There were several complaints during Tony Blair's premiership that allegations against ministers for breaking their official code of conduct were too often dealt with summarily by the Cabinet Secretary. Complaints against David Blunkett were twice cases in point and there were others. As a result an independent adviser, Sir Philip Mawer, was named as the person to whom such complaints would be referred in future.

However, it became known yesterday that a complaint against Peter Hain by a Liberal Democrat MP got no further than the present Cabinet Secretary, Sir Gus O'Donnell, before being dismissed. The matter raised was whether some of the donations obtained by Mr Hain during his campaign for the deputy leadership of the Labour Party conflicted with his duties as minister for Wales and for Pensions and Work.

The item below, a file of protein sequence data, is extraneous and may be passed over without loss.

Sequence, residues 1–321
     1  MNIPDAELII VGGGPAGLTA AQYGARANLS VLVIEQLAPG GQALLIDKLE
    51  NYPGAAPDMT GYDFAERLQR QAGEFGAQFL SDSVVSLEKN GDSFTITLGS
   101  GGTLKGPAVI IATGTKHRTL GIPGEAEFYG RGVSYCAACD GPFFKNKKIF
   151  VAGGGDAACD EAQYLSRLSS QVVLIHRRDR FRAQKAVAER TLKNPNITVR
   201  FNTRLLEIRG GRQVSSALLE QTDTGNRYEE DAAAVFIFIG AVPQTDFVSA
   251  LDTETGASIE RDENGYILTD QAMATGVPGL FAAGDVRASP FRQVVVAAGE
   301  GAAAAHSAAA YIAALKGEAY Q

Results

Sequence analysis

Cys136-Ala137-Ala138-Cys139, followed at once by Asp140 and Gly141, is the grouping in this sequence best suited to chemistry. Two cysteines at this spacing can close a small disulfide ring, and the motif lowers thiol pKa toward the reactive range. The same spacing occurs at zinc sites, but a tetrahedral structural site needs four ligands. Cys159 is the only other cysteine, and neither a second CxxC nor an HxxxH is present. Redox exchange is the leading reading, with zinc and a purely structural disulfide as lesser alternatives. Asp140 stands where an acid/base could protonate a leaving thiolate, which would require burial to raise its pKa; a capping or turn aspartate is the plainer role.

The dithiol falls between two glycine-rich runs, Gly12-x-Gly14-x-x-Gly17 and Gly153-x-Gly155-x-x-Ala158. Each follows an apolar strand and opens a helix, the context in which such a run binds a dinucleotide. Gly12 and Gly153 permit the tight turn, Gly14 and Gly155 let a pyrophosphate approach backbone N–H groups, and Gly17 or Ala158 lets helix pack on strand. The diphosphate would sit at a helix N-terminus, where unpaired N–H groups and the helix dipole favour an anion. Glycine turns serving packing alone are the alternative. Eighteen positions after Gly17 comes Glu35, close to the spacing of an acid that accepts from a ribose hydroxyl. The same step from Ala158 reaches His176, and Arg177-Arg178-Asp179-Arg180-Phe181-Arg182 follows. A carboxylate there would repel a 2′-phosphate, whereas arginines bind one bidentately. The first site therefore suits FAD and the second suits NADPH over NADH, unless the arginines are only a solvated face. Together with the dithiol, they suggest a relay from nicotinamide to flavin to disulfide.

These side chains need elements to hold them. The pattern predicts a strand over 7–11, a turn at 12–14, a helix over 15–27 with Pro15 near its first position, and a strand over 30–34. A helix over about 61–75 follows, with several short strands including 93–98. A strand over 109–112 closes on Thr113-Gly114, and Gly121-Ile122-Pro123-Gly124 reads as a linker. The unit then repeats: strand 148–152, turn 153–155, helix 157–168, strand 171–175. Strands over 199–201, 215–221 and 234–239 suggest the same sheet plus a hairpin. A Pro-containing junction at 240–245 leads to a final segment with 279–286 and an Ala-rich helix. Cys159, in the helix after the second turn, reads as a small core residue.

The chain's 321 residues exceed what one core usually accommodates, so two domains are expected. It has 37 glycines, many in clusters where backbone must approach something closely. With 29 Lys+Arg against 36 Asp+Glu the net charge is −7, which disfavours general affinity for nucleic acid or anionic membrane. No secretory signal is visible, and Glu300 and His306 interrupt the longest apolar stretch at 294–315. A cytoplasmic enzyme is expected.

Apparently Sir Gus took advice from Mr Hain's permanent secretaries at his two ministries and decided that there was no case to answer. In other words the system has not really been changed; the Cabinet Secretary, Britain's most senior civil servant, still decides whether or not a minister has breached his code of conduct. By making a decision in this way Sir Gus has ensured that if at any time in the future he passes on a complaint to Sir Philip Mawer it will immediately be widely assumed that there is a serious case to answer. Why could Sir Philip not have looked into this Hain case.


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